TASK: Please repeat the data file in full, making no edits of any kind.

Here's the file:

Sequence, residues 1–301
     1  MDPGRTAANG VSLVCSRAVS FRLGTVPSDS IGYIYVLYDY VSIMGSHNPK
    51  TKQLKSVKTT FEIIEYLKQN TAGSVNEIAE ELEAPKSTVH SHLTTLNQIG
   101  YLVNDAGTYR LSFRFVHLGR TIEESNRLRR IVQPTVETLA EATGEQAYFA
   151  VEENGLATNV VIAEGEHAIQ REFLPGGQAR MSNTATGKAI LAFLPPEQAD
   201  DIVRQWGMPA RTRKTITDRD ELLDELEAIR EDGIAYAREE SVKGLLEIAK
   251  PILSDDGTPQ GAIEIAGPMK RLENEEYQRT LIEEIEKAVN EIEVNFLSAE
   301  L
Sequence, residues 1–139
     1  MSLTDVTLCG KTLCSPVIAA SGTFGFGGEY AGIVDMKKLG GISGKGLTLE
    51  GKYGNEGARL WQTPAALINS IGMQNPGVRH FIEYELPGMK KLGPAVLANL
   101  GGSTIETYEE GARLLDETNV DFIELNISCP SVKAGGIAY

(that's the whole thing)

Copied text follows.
Sequence, residues 1–301
     1  MDPGRTAANG VSLVCSRAVS FRLGTVPSDS IGYIYVLYDY VSIMGSHNPK
    51  TKQLKSVKTT FEIIEYLKQN TAGSVNEIAE ELEAPKSTVH SHLTTLNQIG
   101  YLVNDAGTYR LSFRFVHLGR TIEESNRLRR IVQPTVETLA EATGEQAYFA
   151  VEENGLATNV VIAEGEHAIQ REFLPGGQAR MSNTATGKAI LAFLPPEQAD
   201  DIVRQWGMPA RTRKTITDRD ELLDELEAIR EDGIAYAREE SVKGLLEIAK
   251  PILSDDGTPQ GAIEIAGPMK RLENEEYQRT LIEEIEKAVN EIEVNFLSAE
   301  L
Sequence, residues 1–139
     1  MSLTDVTLCG KTLCSPVIAA SGTFGFGGEY AGIVDMKKLG GISGKGLTLE
    51  GKYGNEGARL WQTPAALINS IGMQNPGVRH FIEYELPGMK KLGPAVLANL
   101  GGSTIETYEE GARLLDETNV DFIELNISCP SVKAGGIAY